The Secretary of Commerce is legally obligated, along with the Fishery Management Councils, to establish procedures to ensure a fair and equitable allocation of fish harvest for Gulf red snapper – and every other federally managed fishery.  The Obama Administration three years ago committed to review guidelines for implementing fair and equitable allocations.  While some preliminary work has been done to develop options for moving forward with allocation reviews, so far, neither NOAA nor any Council has produced such guidelines. 

“Federal managers simply must address allocation,” said Jeff Angers, president of the Center for Coastal Conservation.  “Our system of federal fisheries management is broken to a point where a United States Senator is compelled to force a federal agency to do a fundamental part of its job.  We support Sen. Vitter’s continued efforts to make government act responsibly.”

Read more here.


ASA Calls Shutdown of Lands and Waters 'Ludicrous'

A statement from the American Sportfishing Association (ASA) is below. Right now, I’m compiling information from around the country about how anglers specifically and the public in general are being hurt by the government shutdown.

Check back here later to learn more.

By the way, the ASA stays away from blaming the Obama Administration directly for much of this. I’m not.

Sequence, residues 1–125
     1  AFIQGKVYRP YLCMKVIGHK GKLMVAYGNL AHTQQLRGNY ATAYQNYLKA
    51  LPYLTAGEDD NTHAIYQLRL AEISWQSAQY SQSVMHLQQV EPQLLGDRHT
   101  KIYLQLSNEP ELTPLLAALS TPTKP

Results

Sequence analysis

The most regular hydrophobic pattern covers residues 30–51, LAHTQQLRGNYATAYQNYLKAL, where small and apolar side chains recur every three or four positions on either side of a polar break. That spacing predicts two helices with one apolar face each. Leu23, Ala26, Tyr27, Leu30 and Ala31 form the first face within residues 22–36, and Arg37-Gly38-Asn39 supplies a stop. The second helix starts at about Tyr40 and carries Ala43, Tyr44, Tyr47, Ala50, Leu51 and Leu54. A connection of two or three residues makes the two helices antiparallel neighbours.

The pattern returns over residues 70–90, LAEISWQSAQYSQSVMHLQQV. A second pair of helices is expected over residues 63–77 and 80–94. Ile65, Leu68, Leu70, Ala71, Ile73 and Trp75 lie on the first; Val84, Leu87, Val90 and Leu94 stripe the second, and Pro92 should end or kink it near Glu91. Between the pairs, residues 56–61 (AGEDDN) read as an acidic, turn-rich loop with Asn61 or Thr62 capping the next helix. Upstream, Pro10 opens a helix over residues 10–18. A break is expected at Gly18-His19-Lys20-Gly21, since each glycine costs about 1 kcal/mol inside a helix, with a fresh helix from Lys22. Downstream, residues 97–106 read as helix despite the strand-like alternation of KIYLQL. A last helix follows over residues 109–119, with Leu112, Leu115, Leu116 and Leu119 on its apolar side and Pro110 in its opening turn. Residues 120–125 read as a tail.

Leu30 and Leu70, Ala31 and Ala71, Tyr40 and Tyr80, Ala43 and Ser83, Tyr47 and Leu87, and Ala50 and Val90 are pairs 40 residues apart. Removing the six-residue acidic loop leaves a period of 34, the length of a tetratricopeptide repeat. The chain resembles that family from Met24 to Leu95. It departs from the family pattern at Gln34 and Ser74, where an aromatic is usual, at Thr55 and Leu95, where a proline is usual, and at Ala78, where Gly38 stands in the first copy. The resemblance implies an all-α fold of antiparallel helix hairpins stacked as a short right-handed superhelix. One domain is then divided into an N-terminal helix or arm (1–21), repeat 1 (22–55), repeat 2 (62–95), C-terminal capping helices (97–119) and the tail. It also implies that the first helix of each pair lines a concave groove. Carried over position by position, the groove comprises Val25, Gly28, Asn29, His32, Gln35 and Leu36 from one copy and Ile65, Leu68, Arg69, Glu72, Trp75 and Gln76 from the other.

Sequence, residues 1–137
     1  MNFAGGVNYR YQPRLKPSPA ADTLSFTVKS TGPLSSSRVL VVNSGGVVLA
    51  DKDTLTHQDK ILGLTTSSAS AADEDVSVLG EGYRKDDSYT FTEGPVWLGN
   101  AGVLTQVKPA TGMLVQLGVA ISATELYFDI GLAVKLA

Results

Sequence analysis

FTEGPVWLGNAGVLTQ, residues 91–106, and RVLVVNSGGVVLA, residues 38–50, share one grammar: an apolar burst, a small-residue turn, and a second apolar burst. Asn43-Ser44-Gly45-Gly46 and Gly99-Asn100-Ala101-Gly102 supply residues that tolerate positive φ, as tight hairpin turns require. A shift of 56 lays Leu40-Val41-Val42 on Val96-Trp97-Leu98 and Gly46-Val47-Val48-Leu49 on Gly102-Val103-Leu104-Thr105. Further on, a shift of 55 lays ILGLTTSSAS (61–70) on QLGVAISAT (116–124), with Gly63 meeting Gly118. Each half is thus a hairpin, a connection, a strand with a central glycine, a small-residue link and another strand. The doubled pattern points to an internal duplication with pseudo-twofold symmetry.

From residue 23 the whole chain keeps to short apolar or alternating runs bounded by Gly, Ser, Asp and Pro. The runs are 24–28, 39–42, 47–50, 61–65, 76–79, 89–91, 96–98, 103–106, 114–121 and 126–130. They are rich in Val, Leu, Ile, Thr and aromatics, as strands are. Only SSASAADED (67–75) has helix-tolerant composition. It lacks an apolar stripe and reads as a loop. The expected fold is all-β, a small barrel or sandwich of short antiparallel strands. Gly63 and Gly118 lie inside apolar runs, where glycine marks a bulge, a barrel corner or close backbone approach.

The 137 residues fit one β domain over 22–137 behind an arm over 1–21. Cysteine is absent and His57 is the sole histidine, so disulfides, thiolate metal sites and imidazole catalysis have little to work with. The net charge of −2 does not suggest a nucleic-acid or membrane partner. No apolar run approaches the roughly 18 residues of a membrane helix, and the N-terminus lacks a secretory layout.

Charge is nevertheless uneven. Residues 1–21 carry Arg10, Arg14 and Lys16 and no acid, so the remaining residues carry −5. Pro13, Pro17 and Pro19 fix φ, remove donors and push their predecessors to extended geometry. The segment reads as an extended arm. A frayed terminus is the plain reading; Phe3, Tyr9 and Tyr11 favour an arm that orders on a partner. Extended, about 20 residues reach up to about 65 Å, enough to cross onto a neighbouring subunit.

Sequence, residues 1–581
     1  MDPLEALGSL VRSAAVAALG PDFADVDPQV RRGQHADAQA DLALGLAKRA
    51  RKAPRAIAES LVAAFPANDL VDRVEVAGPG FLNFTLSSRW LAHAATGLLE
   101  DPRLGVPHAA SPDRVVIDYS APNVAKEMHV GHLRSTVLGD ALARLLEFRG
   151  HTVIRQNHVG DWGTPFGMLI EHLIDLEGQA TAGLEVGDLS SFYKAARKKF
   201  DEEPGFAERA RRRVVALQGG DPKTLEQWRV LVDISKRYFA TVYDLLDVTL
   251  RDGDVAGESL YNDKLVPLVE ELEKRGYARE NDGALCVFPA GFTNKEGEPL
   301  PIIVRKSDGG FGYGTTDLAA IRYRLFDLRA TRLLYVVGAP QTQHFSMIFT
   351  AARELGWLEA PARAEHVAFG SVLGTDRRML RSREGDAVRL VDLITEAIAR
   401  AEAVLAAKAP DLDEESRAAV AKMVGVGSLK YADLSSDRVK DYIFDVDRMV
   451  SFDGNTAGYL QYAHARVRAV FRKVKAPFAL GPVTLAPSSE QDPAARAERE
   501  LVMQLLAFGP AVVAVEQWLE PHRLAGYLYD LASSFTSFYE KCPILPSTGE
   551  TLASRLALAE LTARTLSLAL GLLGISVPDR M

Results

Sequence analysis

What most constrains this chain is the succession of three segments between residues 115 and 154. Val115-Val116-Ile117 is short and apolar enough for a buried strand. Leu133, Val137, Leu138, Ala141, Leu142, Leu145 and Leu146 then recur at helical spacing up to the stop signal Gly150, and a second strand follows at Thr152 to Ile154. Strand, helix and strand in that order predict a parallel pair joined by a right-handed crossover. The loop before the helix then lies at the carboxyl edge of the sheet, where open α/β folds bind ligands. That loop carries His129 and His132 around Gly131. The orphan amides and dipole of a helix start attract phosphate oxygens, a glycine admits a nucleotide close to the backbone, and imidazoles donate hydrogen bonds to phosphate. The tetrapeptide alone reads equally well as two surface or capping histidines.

A government shutdown is one thing. But maliciously inflicting pain on the American people in a petulant snit is another. For much of what is happening now, the shutdown is just an excuse by this dictatorial administration because it believes that its opponents will be blamed for the harm that it is inflicting.

The feds are spending far more in money and manpower to keep people away from many areas than they normally do in terms of monitoring and maintenance for those areas. In fact, many of these places usually aren’t even staffed.

And, yes, I am going to go there. National Park Service rangers and other federal para-military staffers are acting like Gestapo. During the Nazi regime, lots of “good” Germans went along to get along.

That’s what is happening here, as federal employees do what they’re told instead of what’s right.

From ASA:

Millions of anglers are now locked out of federal lands and waters and thousands of small businesses are suffering because Congress and the Administration can’t agree on the nation’s finances.

According to the American Sportfishing Association (ASA), federal agencies across the nation are warning anglers that they are not permitted to use public waters managed by the federal government during the federal shutdown. A statement from one federal land management agency says, “…facilities and lands are now closed to the public and public use activities have been suspended nationwide.”